3 Immutable Operating Systems: Bottlerocket, Flatcar and Talos Linux
For those that don’t know, immutable operating systems have been increasing in popularity recently. An immutable operating system is one in which some, or all, of the operating system file systems, are read-only, and cannot be changed.
Immutable operating systems have a lot of advantages. They are inherently more secure, because many attacks and exploits depend on writing or changing files. Also, even if an exploit is found, bad actors cannot change the operating system on disk (which in itself will thwart attacks that depend on writing to the filesystem), so a reboot will clear any memory-resident malware and recover back to a non-exploited state.
Immutable systems are also easier to manage and update: the operating system images are not patched or updated but replaced atomically (in one operation that is guaranteed to fully complete or fully fail — no partial upgrades!
Immutable systems also can claim to be more stable than traditional operating systems, simply by virtue of eliminating many of the vectors that introduce instability into a system — most of which are human. No sysadmins can “just change this one setting to fix things” — with unforeseen impacts that aren’t found until hours later. (I’ve been that sysadmin.) No partially complete terraform or puppet runs that leave systems in odd states…
On the workstation side, there are approaches to immutable OSes such as rpm-ostree. This attempts to create immutability and image-based deployments in the operating system, but layers a flexible file system architecture on top, so that packages can still be managed and updated by RPM.
On the server side, there is a spectrum of immutability amongst container-specific operating systems. All support image-based OS updates, and no package manager at all. Some operating systems such as Flatcar Linux make /usr read-only, but allow common runtime modifications such as dynamically loading kernel modules, and overriding systemd configurations.
Bottlerocket, from Amazon Web Services, adds in the /root partition being read only, and disables SSH access by default (it can be run in a privileged container). Bottlerocket does allow kernel modules to be loaded in older releases, but has switched to only allowing modules that are signed with the Bottlerocket image key — those modules shipped with Bottlerocket.
Talos Linux, from Sidero Labs, takes the immutable concept even further. It is another OS with a fully immutable file system, and a full API for management, and unlike Bottlerocket, completely removes SSH and console access, and runs anywhere you run Kubernetes — all cloud providers, bare metal, virtualized systems, even within Docker and on SBCs like Raspberry Pis. Talos Linux also requires kernel modules to be signed with the same key used to build the kernel — and because this key is ephemeral, it makes the kernel completely static and immutable.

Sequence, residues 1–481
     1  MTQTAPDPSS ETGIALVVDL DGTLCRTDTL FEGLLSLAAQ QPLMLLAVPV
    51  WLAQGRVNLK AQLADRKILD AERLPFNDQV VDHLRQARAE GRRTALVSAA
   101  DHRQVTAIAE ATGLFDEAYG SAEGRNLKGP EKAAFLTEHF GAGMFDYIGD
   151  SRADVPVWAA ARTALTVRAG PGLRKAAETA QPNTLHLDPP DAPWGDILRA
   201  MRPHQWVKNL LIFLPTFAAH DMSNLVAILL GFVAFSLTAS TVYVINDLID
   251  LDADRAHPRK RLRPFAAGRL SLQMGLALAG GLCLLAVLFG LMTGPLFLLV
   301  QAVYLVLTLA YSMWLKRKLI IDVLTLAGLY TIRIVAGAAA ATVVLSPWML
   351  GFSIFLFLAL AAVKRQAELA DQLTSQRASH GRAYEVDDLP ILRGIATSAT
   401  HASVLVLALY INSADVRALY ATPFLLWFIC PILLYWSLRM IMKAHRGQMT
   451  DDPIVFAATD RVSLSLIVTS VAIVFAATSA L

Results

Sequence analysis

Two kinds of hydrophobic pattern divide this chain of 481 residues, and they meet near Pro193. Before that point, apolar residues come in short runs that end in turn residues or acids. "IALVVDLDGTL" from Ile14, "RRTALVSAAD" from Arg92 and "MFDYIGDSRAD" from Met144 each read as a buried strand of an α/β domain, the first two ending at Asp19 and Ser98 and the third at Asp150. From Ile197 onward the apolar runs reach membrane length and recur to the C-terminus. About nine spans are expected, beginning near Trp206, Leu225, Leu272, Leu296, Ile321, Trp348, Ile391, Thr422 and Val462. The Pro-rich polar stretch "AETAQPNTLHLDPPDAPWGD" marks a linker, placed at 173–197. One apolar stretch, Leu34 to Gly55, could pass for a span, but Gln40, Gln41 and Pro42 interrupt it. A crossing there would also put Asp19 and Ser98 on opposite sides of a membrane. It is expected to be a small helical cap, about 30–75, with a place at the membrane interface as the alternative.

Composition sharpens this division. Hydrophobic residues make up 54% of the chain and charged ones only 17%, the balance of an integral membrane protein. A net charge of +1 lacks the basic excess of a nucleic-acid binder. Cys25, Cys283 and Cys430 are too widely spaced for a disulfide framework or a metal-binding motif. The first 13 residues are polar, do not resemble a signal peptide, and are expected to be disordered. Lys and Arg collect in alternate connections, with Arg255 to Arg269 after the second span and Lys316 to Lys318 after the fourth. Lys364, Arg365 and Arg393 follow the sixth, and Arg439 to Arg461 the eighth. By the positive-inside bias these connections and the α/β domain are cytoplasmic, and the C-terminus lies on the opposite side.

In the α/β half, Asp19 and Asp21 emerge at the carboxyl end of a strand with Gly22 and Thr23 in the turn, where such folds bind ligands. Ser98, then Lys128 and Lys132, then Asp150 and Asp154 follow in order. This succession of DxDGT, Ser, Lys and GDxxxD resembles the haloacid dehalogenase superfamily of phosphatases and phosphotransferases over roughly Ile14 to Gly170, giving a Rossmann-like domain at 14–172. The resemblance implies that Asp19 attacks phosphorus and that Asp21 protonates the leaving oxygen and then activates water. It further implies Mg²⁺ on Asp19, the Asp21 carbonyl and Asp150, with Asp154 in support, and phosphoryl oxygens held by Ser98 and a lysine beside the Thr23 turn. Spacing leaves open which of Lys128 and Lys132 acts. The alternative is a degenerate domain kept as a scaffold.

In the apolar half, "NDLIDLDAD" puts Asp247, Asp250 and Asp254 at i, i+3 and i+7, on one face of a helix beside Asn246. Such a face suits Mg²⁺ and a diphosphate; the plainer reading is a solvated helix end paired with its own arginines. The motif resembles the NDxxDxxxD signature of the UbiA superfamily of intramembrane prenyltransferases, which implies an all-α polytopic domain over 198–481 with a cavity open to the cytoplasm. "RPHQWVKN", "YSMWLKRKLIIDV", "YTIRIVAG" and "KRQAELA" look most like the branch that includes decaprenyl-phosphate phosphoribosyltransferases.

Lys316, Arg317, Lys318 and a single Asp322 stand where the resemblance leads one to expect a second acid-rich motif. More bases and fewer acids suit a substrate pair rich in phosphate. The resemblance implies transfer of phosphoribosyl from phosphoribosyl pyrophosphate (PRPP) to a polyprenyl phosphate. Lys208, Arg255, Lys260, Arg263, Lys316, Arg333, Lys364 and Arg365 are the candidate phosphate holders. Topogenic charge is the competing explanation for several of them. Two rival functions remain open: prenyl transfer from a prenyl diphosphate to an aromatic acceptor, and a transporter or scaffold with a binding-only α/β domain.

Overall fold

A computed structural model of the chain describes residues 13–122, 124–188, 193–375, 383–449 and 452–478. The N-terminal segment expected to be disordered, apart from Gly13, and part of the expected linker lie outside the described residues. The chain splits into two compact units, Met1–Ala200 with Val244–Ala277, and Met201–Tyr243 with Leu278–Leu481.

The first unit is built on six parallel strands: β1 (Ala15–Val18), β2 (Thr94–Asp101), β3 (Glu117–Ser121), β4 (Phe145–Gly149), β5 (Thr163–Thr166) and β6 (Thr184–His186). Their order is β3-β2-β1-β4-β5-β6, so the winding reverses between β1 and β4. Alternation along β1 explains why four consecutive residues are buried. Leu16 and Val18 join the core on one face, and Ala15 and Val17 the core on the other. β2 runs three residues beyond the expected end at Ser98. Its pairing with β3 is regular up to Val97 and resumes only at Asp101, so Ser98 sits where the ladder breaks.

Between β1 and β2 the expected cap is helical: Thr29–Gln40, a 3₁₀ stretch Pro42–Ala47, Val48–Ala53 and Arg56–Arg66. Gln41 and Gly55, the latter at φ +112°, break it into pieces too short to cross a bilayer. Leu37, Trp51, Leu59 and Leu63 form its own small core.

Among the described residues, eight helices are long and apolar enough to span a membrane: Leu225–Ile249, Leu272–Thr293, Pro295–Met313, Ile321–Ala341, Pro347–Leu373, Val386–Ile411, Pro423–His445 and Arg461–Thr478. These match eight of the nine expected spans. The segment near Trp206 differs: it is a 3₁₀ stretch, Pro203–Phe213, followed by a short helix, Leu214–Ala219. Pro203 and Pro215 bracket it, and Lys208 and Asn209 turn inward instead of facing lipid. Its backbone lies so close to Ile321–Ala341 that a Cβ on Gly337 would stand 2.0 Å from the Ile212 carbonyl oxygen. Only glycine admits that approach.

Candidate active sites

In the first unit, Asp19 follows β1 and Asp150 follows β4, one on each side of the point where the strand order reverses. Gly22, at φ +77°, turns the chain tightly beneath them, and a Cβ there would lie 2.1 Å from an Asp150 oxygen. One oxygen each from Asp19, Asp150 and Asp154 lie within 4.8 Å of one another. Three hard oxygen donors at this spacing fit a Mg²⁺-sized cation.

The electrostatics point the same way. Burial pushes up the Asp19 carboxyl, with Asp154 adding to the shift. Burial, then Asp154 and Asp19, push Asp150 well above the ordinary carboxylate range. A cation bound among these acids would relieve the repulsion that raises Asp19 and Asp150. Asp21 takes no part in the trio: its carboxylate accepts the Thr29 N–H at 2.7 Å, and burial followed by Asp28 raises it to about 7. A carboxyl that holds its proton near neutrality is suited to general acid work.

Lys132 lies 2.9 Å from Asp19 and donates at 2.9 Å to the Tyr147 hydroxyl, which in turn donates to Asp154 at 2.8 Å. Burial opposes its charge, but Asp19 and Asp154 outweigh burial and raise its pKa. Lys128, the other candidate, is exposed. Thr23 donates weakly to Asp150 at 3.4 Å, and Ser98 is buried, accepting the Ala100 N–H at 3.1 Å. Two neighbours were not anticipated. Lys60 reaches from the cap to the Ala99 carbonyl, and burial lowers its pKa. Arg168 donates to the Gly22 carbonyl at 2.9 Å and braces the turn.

Of course, as in all things, the strengths that are inherent in immutable operating systems are also their weaknesses. Not all systems need to run the same workloads, firmware, and packages. How do you customize an immutable operating system to adapt to a variety of applications?
Flatcar Linux, having less immutable characteristics (the root filesystem is writable, and nodes support SSH, for example), addresses this issue with the Ignition project (often in conjunction with Afterburn), which runs on the first boot of a node, and can modify the file system, add files, configure users, and other operations. This is similar to a typical Linux workflow where tools such as Puppet, Chef, etc are used (except it can only run once at first boot).
Similarly, Bottlerocket uses the concept of Bootstrap containers to customize the way the node runs. These are containers that are executed by systemd after the node has booted, that have access to the root filesystem and host devices. They can execute on every boot, or just the first boot. The order of these containers is non-deterministic. Thus effectively the bootstrap containers are not constrained by the immutability of the file system — which somewhat reduces the effectiveness of the immutability for security purposes.
Talos Linux, being fully immutable, has to take a more stringent approach to modifying nodes. Talos Linux uses a concept called System Extensions. It can work while maintaining full immutability of the operating system because it requires that such extensions be set up during the node installation or update. In order to effect any change on the system extensions, Talos Linux has to be re-installed on the node.
This encourages (indeed, enforces!) the idea of `cattle-not-pets’ as in order to add or change a node via system extensions, the contents of the disk will be wiped and replaced. During the installation/re-installation, the system extension container images will be stored in the initramfs as squashfs images; during boot, they are overlaid on top of the Talos Linux squashfs root file system using read-only squashfs overlayfs mounts. All file systems (except /var for Kubernetes data) are immutable thereafter.
The systems extension concept preserves the immutability of the file systems while allowing nodes to load different capabilities, such as specific firmware, or gVisor for further isolation of containers.
These different approaches to allowing modification of immutable systems have different strengths, but allow the user to select what is appropriate for them: from managing systems in a familiar way (such as with rpm-ostree, or using SSH) to new paradigms such as that implemented by Talos Linux, where there is no SSH, all management is done by API, and security is paramount — with the requirement of learning a new way to manage systems.